Your perfectly manicured lawn is good for more than croquet: The lawns in the U.S. could trap enough carbon every year to offset the emissions from burning 1.9 billion gallons of gasoline. Unfortunately, it takes seven billion gallons of water a day to keep these lawns lush. That's why Jim Baird, a turf scientist at the University of California at Riverside, is bioengineering a grass that drinks less and still earns praise at your barbecue.
Baird's trick requires combining the rich emerald hues and "traffic tolerance" of perennial rye grass with the heat- and drought-resistance of meadow fescue, a tall grass normally not used for lawns. A deep root structure helps the new grass suck up water that other popular lawn grasses can't reach, cutting its dependence on sprinklers by 10 percent.
The process is a sort of gladiator academy for grass. First, a geneticist labels each grass's chromosomes with a different color of fluorescent dye and crossbreeds the two species in a field. Researchers collect the seeds, grow the hybrid plants in hydroponic tanks, and replant them outside. Then they turn off the water and see which strains survive. Baird's team examines the combination of fluorescent genes in each survivor to learn which ones are most important for withstanding drought.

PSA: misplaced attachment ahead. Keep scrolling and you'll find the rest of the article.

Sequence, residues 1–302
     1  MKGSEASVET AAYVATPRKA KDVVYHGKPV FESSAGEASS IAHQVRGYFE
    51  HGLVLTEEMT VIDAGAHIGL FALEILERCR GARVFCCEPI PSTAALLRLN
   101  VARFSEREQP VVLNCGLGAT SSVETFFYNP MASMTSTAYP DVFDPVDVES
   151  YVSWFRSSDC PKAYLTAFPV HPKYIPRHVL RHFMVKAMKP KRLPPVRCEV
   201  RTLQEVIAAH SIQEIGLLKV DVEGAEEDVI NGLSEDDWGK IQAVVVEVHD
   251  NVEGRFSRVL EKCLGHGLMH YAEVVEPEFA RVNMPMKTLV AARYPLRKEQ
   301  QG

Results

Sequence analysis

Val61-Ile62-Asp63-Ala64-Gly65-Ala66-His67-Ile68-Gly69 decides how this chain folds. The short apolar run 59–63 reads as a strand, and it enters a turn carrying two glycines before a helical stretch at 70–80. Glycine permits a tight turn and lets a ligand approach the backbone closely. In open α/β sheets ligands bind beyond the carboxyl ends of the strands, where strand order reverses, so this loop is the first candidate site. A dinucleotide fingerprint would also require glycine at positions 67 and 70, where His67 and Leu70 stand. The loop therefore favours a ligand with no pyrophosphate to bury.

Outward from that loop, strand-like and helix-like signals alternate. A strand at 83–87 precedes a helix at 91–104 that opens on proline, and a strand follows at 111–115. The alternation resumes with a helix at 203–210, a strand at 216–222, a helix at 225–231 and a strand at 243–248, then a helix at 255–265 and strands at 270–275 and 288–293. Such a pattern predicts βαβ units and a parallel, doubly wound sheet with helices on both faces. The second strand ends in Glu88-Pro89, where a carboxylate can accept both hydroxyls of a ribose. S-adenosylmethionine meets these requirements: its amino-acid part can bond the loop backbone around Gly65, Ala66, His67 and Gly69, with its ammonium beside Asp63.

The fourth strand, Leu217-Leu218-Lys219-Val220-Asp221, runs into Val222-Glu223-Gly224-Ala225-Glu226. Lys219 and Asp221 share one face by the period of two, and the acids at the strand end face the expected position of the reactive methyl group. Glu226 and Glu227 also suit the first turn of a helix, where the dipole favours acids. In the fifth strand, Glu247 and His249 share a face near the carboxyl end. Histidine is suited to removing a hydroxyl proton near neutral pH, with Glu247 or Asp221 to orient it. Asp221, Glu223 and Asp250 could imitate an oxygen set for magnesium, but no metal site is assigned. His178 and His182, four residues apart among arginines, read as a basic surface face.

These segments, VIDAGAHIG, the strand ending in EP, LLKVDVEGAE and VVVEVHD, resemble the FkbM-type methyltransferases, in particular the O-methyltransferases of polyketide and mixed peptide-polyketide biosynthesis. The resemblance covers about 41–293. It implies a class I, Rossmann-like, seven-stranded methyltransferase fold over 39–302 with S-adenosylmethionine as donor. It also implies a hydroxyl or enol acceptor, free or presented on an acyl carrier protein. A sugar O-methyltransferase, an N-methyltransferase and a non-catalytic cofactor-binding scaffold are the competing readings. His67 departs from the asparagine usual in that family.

The project promises green grass all year round—not just for your yard but also for golf courses, parks and athletic fields—that will thrive anywhere from the Arizona desert to the Northeast. The group is currently selecting the best gene combinations and figuring out how to ensure that the traits pass to the next generation. If this summer's drought tests go as planned, Baird hopes to mass-produce seeds by 2012.--Arnie Cooper